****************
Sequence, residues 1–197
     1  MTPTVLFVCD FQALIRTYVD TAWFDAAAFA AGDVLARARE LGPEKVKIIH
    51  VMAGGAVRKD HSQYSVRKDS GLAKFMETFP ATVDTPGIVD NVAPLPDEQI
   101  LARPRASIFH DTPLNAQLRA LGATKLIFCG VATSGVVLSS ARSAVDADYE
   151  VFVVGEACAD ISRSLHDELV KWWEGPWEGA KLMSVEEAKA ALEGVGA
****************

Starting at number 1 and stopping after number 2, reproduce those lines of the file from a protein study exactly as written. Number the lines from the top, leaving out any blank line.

Sequence, residues 1–197
     1  MTPTVLFVCD FQALIRTYVD TAWFDAAAFA AGDVLARARE LGPEKVKIIH